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Amplified Surface Plasmon Resonance Based DNA Biosensors, Aptasensors, and Hg2+ Sensors Using Hemin/G-Quadruplexes and Au Nanoparticles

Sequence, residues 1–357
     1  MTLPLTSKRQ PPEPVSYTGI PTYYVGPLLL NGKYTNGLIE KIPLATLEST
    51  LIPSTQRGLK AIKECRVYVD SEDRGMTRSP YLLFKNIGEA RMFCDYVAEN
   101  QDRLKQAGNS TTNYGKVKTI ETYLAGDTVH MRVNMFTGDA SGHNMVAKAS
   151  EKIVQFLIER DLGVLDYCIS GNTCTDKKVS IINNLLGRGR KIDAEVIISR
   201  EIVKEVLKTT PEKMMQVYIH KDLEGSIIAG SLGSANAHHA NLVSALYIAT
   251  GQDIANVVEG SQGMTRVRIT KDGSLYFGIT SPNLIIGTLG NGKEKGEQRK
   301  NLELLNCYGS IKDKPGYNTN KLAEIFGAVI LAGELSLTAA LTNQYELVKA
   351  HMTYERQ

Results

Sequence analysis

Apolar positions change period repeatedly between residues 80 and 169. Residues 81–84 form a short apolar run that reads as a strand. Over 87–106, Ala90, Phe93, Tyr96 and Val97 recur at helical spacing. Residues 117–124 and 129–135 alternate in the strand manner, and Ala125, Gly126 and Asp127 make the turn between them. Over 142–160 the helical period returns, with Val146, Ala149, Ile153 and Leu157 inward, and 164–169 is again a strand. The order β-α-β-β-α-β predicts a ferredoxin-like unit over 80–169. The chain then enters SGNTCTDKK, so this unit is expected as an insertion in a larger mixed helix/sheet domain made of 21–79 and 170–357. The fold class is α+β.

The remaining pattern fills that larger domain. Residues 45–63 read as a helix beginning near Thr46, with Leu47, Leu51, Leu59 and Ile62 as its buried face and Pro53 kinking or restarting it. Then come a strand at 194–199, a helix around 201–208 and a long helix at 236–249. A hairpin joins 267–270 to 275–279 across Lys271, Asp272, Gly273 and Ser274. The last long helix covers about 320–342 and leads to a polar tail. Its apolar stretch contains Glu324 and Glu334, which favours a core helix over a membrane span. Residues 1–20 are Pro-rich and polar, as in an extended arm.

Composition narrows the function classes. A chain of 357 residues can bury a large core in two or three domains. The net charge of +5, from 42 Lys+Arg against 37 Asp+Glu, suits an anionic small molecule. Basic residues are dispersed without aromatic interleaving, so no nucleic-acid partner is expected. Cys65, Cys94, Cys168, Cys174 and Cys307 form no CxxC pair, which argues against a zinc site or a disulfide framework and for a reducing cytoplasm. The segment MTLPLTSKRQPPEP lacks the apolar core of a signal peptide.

Thiolated nucleic acid hairpin nanostructures that include in their stem region a “caged” G-quadruplex sequence, and in their single-stranded loop region oligonucleotide recognition sequences for DNA, adenosine monophosphate (AMP), or Hg2+ ions were linked to bare Au surfaces or to Au nanoparticles (NPs) linked to Au surfaces. The opening of the hairpin nanostructures associated with the bare Au surface by the complementary target DNA, AMP substrate, or Hg2+ ions, in the presence of hemin, led to the self-assembly of hemin/G-quadruplexes on the surface. The resulting dielectric changes on the surface exhibited shifts in the surface plasmon resonance (SPR) spectra, thus providing a readout signal for the recognition events. A similar opening of the hairpin nanostructures, immobilized on the Au NPs associated with the Au surface, by the DNA, AMP, or Hg2+ led to an ultrasensitive SPR-amplified detection of the respective analytes. The amplification originated from the coupling between the localized surface plasmon associated with the NPs and the surface plasmon wave, an effect that cooperatively amplifies the SPR shifts that result from the formation of the hemin/G-quadruplexes. The different sensing platforms reveal impressive sensitivities and selectivities toward the target analytes.